Philosophy Lexicon of Arguments

Metaphysics: is a theory that has the claim to ask questions and provide answers beyond our available knowledge. It is objected that even for asking questions, a knowledge of the meanings of the words used is required. This knowledge is not given when experiences or at least theories using these terms are not available. See also essentialism, metaphysical possibility.
Author Item Excerpt Meta data

Books on Amazon:
Frank C. Jackson
Stalnaker I 201
Metaphysics/Episteme/Kripke/Stalnaker: the separation of metaphysical and epistemological distinctions made it possible to agree with the empiricists that substantial truths about the world are knowable only on the basis of empirical evidence, while one allows at the same time nontrivial metaphysical truths about the essential nature of the things.
Kripke/Stalnaker: it remains controversial, what Kripke actually showed.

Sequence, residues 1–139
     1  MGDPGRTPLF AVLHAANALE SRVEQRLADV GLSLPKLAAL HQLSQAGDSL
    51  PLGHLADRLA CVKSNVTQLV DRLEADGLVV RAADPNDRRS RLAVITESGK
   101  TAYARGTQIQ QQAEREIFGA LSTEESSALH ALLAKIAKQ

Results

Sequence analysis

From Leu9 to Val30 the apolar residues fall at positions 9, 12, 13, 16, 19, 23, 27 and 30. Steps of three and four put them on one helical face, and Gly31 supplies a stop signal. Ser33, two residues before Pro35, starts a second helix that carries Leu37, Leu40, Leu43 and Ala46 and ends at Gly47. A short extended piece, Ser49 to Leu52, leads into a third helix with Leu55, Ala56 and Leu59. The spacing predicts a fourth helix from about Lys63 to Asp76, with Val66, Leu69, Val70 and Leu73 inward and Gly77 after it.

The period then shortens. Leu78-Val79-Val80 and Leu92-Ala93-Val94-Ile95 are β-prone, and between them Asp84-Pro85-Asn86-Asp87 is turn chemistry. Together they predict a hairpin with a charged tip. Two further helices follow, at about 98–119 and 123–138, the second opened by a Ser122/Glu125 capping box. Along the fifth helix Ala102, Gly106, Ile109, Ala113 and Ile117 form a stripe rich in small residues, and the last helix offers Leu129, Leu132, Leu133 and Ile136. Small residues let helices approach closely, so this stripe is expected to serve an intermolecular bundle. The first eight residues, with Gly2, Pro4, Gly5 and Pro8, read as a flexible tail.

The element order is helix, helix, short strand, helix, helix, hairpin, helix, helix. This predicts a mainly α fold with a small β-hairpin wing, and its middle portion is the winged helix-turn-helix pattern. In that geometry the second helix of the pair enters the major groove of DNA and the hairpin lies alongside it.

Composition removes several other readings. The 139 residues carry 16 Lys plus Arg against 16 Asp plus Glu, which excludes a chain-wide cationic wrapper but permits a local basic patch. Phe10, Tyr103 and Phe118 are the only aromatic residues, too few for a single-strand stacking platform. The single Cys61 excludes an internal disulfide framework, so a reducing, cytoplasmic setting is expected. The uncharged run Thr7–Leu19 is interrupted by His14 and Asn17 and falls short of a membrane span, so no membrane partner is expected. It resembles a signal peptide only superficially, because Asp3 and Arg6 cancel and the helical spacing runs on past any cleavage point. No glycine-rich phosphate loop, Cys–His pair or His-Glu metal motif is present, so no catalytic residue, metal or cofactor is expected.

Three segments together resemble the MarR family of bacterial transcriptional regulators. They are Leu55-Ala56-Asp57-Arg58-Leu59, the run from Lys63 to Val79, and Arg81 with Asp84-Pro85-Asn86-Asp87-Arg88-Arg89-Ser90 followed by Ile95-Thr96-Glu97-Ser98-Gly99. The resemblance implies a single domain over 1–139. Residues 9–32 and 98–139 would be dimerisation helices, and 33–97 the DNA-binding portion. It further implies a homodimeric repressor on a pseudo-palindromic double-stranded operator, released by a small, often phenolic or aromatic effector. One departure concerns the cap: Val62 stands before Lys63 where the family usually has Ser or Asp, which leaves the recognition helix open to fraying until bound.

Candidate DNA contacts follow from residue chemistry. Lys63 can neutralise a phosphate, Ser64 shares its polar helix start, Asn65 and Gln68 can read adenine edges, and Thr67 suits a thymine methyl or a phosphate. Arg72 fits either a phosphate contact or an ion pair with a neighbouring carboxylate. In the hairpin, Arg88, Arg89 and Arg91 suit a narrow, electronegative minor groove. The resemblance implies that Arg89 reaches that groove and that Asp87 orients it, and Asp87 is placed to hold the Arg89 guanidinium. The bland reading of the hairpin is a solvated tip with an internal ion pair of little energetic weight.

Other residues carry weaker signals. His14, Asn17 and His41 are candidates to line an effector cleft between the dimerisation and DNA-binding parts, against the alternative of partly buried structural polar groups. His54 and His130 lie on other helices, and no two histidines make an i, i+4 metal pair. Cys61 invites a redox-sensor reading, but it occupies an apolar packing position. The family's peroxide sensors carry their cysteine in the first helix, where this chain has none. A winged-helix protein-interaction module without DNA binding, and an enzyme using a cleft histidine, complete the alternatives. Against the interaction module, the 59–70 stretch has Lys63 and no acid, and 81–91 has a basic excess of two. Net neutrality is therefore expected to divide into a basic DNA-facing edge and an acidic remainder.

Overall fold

Kripke/Alan Sidelle/Jackson/Chalmers/Stalnaker: (Sidelle 1989, Jackson 1998, Chalmers 1996) Thesis: Kripke's theses can be reconciled with this,...
I 202
...that all necessity has its root in language and our ideas. However, in a more complex way than empiricism assumed.
Then there is no irreducible necessity a posteriori.
Necessary a posteriori: is then divisible into necessary truth which is knowable a priori by conceptual analysis, and a part that is only a posteriori knowable, but this is contingent. Chalmers and Jackson show this with two-dimensional semantics.
I 203
Metaphysics/metaphysical laws/logic/analysis/Stalnaker: conceptual analysis and deduction (logic) are sufficient to show what is conceptually necessary. But they cannot reveal any metaphysical laws that exclude possibilities that are conceptually coherent, but metaphysically impossible.
Metaphysical possibility/Jackson/Chalmers: ditto, no different terms of necessity (Jackson 1998, 67-84, Chalmers 1996, 136-8).
I 204
Metaphysical necessity/Jackson/Chalmers/Kripke/Lewis/Stalnaker: metaphysical necessity is therefore necessity in the broadest sense.
E.g. It is not exactly the case that there are no metaphysical laws that might have excluded gold from being something else, but if there are such metaphysical laws, there is no such possibility for them to exclude it. Namely, in the light of empirical facts.

Jack I
F. C. Jackson
From Metaphysics to Ethics: A Defence of Conceptual Analysis Oxford 2000

Sta I
R. Stalnaker
Ways a World may be Oxford New York 2003

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Ed. Martin Schulz, access date 2017-05-26